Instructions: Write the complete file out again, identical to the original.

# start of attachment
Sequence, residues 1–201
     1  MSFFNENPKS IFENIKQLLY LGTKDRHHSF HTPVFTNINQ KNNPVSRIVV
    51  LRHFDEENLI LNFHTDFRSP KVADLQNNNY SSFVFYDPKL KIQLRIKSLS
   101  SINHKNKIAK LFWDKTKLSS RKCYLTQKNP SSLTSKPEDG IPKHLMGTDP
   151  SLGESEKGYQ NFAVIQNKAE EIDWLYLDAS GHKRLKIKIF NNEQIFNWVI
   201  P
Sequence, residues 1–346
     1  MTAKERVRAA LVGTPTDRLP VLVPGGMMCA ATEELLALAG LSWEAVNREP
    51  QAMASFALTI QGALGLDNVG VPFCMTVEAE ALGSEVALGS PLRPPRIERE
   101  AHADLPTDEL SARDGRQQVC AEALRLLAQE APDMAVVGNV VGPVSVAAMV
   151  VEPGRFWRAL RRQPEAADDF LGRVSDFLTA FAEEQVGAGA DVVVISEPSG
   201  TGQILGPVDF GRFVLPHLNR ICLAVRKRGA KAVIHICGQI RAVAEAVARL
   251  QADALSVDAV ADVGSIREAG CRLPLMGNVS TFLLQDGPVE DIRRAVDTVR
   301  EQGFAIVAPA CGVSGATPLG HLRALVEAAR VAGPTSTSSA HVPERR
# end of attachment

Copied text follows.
Sequence, residues 1–201
     1  MSFFNENPKS IFENIKQLLY LGTKDRHHSF HTPVFTNINQ KNNPVSRIVV
    51  LRHFDEENLI LNFHTDFRSP KVADLQNNNY SSFVFYDPKL KIQLRIKSLS
   101  SINHKNKIAK LFWDKTKLSS RKCYLTQKNP SSLTSKPEDG IPKHLMGTDP
   151  SLGESEKGYQ NFAVIQNKAE EIDWLYLDAS GHKRLKIKIF NNEQIFNWVI
   201  P
Sequence, residues 1–346
     1  MTAKERVRAA LVGTPTDRLP VLVPGGMMCA ATEELLALAG LSWEAVNREP
    51  QAMASFALTI QGALGLDNVG VPFCMTVEAE ALGSEVALGS PLRPPRIERE
   101  AHADLPTDEL SARDGRQQVC AEALRLLAQE APDMAVVGNV VGPVSVAAMV
   151  VEPGRFWRAL RRQPEAADDF LGRVSDFLTA FAEEQVGAGA DVVVISEPSG
   201  TGQILGPVDF GRFVLPHLNR ICLAVRKRGA KAVIHICGQI RAVAEAVARL
   251  QADALSVDAV ADVGSIREAG CRLPLMGNVS TFLLQDGPVE DIRRAVDTVR
   301  EQGFAIVAPA CGVSGATPLG HLRALVEAAR VAGPTSTSSA HVPERR